Building on past learning to create a better future

30 Nov 2022

Three years into the role of Chief Executive Officer at Australia’s oldest charitable trust, The Wyatt Trust, Stacey Thomas is the type of leader who pays homage to the past while always looking towards the future. It’s a trait that has helped Wyatt break new ground through a range of significant, and often sector-leading, initiatives.

These have included a Truth-telling project to examine Wyatt’s history through a First Nations lens; a Climate Statement of accountability; the expansion of impact investing; establishing Inparrila, South Australia’s first philanthropic co-working hub; embedding lived experience by co-designing a grant program with single parents and women over 50; and seeding the establishment of Foundation SA, Australia’s first new community foundation in five years.

A respected leader in Australia’s philanthropic sector, Stacey’s professional experience is paired with a pronounced sense of personal compassion. In addition to her role at Wyatt, Stacey is also Chief Executive Officer at Foundation SA and a director at two of the sector’s peak bodies: Philanthropy Australia and Community Foundations Australia.

In this recent conversation, Stacey reflects on lessons learned during her 15 years in philanthropy, her personal giving journey, the magic ingredients of great grant making and more.

Was a career in the for-purpose sector something that you’d always aspired to? How did you get to be where you are?

ST: I’ve always been very drawn professionally, and in voluntary roles, to helping other people. At uni I did a Bachelor of Psychology and worked in mental health and suicide intervention, but I realised I couldn’t do that as a career because I would take on too much and to do that work for 40 years wasn’t going to be sustainable for me.

I stumbled across philanthropy when I was searching for ideas about career paths that had the potential to help people. I liked what I found so ended up going back to uni and luckily, managed to get into the Social Investment and Philanthropy course. I say lucky because I was the first non-grantmaker to get a spot and it was just an incredible experience to learn from an amazing network of philanthropy professionals. So that’s what got me into this line of work.

From there I started with the Trust Company which has since merged with Perpetual, then I worked at the Telstra Foundation, then the Myer Family Company. This was all great experience that helped me cut my teeth and understand where I wanted to be.

When I came to Adelaide, I wasn’t sure where I would end up professionally, but I joined the board of Impact100 South Australia and within six months I was contacted by the Fay Fuller Foundation.

Fay Fuller was an interesting foundation in that our founder was still alive but left the direction of the organisation to the board and staff. That meant we were very much able to craft a strategy that would benefit South Australians without having a lot of preconceived notions about what that would look like. That led to the development of Our Town, an 10-year, $15 million mental health initiative in partnership with The Australian Centre for Social Innovation and Clear Horizon. It was something Australia hadn’t seen before in terms of its design and style of grant making.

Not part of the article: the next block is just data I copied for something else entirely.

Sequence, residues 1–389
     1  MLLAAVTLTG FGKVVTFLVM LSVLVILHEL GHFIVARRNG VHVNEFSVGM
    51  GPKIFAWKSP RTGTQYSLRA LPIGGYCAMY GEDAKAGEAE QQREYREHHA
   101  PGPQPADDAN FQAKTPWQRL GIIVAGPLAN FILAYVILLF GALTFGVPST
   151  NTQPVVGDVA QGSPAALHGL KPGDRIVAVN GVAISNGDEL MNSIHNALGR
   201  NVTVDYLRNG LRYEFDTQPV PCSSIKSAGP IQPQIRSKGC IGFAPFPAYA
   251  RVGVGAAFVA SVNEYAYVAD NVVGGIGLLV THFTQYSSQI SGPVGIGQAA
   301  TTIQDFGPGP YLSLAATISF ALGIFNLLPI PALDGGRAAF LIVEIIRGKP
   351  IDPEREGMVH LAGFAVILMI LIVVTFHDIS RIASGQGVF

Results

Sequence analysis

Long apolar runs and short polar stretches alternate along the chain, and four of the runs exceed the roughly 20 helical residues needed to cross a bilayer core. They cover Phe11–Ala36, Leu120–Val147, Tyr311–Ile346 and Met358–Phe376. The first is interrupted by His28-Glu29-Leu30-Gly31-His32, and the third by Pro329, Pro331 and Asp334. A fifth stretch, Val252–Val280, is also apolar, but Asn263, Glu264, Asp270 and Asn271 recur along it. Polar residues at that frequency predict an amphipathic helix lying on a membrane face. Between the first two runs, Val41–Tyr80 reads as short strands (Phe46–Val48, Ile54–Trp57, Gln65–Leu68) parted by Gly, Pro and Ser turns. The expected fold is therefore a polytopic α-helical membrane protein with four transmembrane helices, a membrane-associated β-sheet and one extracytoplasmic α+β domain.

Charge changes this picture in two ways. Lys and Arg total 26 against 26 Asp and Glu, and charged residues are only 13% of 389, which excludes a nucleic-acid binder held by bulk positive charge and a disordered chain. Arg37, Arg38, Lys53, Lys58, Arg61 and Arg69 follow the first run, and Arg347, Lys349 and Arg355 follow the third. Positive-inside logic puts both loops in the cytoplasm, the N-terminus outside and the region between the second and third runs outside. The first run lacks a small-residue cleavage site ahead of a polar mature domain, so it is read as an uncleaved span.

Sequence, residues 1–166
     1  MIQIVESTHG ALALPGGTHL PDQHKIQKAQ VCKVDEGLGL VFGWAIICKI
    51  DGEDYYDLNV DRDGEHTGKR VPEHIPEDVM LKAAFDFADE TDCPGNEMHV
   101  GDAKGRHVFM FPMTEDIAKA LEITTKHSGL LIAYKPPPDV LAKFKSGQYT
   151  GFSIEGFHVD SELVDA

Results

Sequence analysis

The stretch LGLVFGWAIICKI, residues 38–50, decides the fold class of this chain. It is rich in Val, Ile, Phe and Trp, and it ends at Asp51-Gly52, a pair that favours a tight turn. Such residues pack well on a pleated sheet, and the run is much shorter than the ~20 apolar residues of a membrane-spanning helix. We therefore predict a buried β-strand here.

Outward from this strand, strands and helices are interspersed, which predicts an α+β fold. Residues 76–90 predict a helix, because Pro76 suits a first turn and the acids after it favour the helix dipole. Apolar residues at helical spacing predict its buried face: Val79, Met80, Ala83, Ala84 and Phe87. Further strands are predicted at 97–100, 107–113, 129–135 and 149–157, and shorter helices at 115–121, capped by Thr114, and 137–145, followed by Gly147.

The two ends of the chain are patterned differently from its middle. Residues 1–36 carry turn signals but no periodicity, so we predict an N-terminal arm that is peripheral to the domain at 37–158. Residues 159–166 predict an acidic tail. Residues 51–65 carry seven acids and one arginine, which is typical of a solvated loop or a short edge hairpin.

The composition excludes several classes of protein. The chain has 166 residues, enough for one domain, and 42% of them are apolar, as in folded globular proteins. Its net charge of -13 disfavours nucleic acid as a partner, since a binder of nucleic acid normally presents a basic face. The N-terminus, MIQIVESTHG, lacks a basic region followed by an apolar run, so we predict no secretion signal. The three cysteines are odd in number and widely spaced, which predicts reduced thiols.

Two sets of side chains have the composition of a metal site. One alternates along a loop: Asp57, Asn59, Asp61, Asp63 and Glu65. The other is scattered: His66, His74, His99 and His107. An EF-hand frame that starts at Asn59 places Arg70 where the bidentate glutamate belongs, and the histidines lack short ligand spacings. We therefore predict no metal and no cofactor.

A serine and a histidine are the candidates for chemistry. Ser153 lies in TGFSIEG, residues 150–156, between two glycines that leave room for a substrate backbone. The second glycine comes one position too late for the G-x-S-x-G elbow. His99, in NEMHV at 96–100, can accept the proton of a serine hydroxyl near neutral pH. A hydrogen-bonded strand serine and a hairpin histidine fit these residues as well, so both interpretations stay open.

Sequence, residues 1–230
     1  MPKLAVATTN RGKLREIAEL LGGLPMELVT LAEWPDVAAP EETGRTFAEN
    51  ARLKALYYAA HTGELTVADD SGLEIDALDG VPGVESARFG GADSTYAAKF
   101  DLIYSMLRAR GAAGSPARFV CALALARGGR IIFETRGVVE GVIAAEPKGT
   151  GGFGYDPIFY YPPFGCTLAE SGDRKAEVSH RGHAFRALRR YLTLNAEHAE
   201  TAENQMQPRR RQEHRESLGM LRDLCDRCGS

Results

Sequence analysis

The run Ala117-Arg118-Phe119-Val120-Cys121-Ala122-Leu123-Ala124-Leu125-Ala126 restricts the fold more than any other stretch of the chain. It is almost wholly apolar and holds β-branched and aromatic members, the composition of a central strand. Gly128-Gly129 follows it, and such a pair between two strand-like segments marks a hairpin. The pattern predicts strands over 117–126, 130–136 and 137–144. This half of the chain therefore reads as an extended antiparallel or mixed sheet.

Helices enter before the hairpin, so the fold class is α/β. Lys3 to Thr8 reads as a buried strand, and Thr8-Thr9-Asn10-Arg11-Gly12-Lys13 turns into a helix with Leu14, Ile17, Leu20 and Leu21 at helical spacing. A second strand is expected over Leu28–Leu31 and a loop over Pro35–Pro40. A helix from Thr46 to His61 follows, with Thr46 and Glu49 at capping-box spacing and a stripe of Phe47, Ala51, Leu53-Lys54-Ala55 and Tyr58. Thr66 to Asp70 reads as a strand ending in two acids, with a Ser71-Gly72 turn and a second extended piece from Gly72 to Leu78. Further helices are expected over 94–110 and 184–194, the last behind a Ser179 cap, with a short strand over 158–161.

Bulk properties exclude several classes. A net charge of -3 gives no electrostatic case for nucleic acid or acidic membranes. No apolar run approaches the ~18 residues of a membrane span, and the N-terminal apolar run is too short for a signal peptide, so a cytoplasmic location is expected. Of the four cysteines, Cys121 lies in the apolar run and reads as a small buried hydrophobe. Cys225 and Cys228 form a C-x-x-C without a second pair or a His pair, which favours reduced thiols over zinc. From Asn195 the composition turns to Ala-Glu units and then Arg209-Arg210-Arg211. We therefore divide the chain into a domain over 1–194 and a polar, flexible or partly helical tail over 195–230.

Then of course, I joined Wyatt, which is one of those places that if you’re in the South Australian philanthropic sector, everyone knows about. I’d had a close working relationship with them while I was at Fay Fuller and I was always very drawn to the organisation’s values and the social justice elements. I was also very drawn to the professional challenge of grant making in an individual context while trying to address systemic change.

What brought you to Adelaide and what do you love most about South Australia?

I was born and raised in country Victoria and spent all of my time there and in Melbourne until I met a wonderful South Australian man, Luke, who is now my husband, and we moved over here nine years ago.

What I love most about living here is the wonderful lifestyle not only for us, but for our two children. It feels like there are more hours in the day here and being able to spend that time as a family doing the things we enjoy, makes it a great place to be. We love it.

Can we talk a little about your personal philanthropy and the causes that matter most to you?

Definitely for my husband, Luke, and I it’s about supporting social justice and trying to make a small contribution to big issues because they’re the issues that are important to our society. We’re both very values-aligned with our giving and we’re lucky enough to both have values-aligned work.

As our children get older, we’re watching them develop their own passions about what they want to give to. When we last let them make a giving decision on behalf of the family they got so excited, they went and raided their pocket money so that they could contribute their own money as well to their chosen causes, which for the moment have included homelessness and conservation.

Our personal giving has been a journey and we’re thrilled to be able to continue that with a fund at Foundation SA.

Speaking of Foundation SA, The Wyatt Trust was integral to Foundation SA’s establishment, shepherding the organisation into existence last year and providing critical ongoing support. How do you view Wyatt’s role in this process and why is community philanthropy so important for South Australia?